Actuarial Thought on Pension Fund Investment Strategy (1957-1985)

As noted above, the exceptional UK inflation experience that accompanied the First World War and its aftermath provided a salutary lesson to pension actuaries on the vulnerability of pension fund solvency to inflation shocks. But this period of extraordinary inflation proved short-lived: between the years of 1921 and 1941, the UK CPI actually fell. However, the post-Second World War period saw the return of high inflation, and, perhaps equally importantly, high levels of inflation volatility and uncertainty. By the mid-1950s, there was a growing sense that the prevailing political and economic environment made this inflationary experience the new normal rather than merely a transient post-war adjustment. The political focus on full employment and the increasing strength of trade unions appeared to make the prospect of a permanent inflationary environment quite plausible.

Pension actuaries of the post-Second World War era recognised the inflation risk exposure that arose when investing in long-term nominal fixed interest assets to back salary-linked liabilities. At this time, there was no index-linked gilt market. The only available ‘real’ asset classes were equities and property. Actuarial thought in pensions started to embrace the use of equities as a form of inflation hedge in the mid-1950s. As we have seen in earlier sections, this was also a period of increased equity investment for life offices, and the ‘cult of the equity’ was more generally in full flight. Pension funds were not immune to this trend—between 1945 and 1954, UK pension schemes’ average asset allocations to equities increased from 10 % to around 30 %.[1] The inflation hedging argument may have driven this, or may have simply provided an intellectual rationale for it.

An actuarial paper by McKelvey, ‘Pension Fund Finance’, published in 1957, was amongst the first to argue for substantial equity investment by pension schemes on the basis of equities’ inflation hedging ability.[2] The quality of inflation hedging that equities could provide was accepted as a matter of some uncertainty by McKelvey. He constrained his advocacy of equity investment to open rather than closed pension funds, and emphasised that it was the inflation-protection of long-term dividend growth (rather than equity market values) that he believed was important for such funds. He posited that the ‘propaganda value’ of balance sheet asset valuations of open funds was of no great importance. In essence, McKelvey was arguing that dividends provided a form of real cashflow match for salary-linked benefits. Volatility in real equity price levels could be ignored as an inconsequential market foible for an open pension fund that would never need to sell them. He emphasised that, in real terms, long-term nominal fixed income was the risky asset class for backing salary-linked pension schemes:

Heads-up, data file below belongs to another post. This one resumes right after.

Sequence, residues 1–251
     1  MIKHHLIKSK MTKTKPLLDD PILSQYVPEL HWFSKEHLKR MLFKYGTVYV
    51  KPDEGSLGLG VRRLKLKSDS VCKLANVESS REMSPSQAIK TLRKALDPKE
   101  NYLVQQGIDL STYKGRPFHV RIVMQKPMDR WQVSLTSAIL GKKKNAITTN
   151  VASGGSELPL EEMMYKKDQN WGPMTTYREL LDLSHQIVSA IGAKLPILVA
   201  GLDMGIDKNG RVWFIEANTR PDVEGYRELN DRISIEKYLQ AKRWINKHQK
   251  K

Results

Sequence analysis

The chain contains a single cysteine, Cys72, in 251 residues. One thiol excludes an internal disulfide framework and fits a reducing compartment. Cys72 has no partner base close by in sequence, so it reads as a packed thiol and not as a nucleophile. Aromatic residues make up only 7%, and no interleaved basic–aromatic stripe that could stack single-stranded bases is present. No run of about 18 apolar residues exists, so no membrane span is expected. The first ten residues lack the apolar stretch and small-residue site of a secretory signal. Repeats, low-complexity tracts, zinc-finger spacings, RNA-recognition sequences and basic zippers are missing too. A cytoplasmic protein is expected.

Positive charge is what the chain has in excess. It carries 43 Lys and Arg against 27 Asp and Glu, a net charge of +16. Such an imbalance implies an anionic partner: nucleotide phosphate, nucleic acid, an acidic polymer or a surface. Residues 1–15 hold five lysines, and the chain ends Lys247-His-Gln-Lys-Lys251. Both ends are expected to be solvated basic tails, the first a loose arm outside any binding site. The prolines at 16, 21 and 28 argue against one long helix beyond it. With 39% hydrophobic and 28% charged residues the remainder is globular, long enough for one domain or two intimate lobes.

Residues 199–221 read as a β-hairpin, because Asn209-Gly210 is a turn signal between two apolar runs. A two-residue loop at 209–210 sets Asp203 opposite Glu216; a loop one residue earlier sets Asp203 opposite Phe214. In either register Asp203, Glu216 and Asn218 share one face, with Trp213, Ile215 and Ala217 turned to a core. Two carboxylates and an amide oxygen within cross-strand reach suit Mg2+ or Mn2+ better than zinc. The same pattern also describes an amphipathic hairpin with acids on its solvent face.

The question now is not, as it used to be, dare we put more than 10% in equities? It is, dare we leave more than 50% in fixed interest investments?[3]

J.G. Day published a paper in the Journal of the Institute of Actuaries in 1959 that provided further support for substantial equity investment by final salary pension funds.[4] Day emphasised how final salary pension liabilities had different characteristics to life office liabilities—specifically being real rather than nominal, and having longer duration. He argued that these characteristics made pension funds more suited to equity investment than life offices and noted the high levels of equity allocation that life offices had made in recent years. He recognised that equity investment would expose pension funds to more market value volatility, but, like McKelvey, he argued that this was not fundamentally important. He was unequivocal in his advocacy of equities as ‘the basic investment’ of final salary pension funds:

A pension fund by the nature of its liabilities is so vulnerable to both inflation and any movements towards higher wages and salaries and a higher standard of living that, if one takes the view for the normal pension fund, it is income that matters and provided that income is secure then fluctuations in the value of the portfolio do not matter, then in the author’s opinion one should come down on the side of equities (or property) as the basic investment for a pension fund.[5]

The classic papers on pension fund valuation of the early 1960s that were discussed above also contained further advocacy of equity investment for final salary pension schemes, primarily on the basis of inflation hedging. For example, in the discussion of Heywood and Lander, Hemsted commented:

Rising standards derive from increased productivity which in turn is based on increasing capital backing per employee. Much of this increased capital arises from retained earnings by industrial companies and these retentions in a period of expansion produce increasing equity asset values per share. There is therefore reason to think that ordinary shares have a built-in correction not only for falling money values [price inflation] but also for increasing standards of living [real salary growth].[6]

Day and McKelvey’s 1963 paper was unsurprisingly supportive of pension fund equity investment given the positions they had taken in their individual papers of the late 1950s. They wrote:

It has been widely and authoritatively suggested that, to meet the dangers of inflation, pension funds should invest in equities. It has been argued that with inflation a business’s real assets increase in money terms ... so that, although inflation may initially cause difficulties and distortions, an equity investment will eventually have increased in earning power in rough proportion to the effect of inflation (or very often rather more, as prior charges lose in value).[7]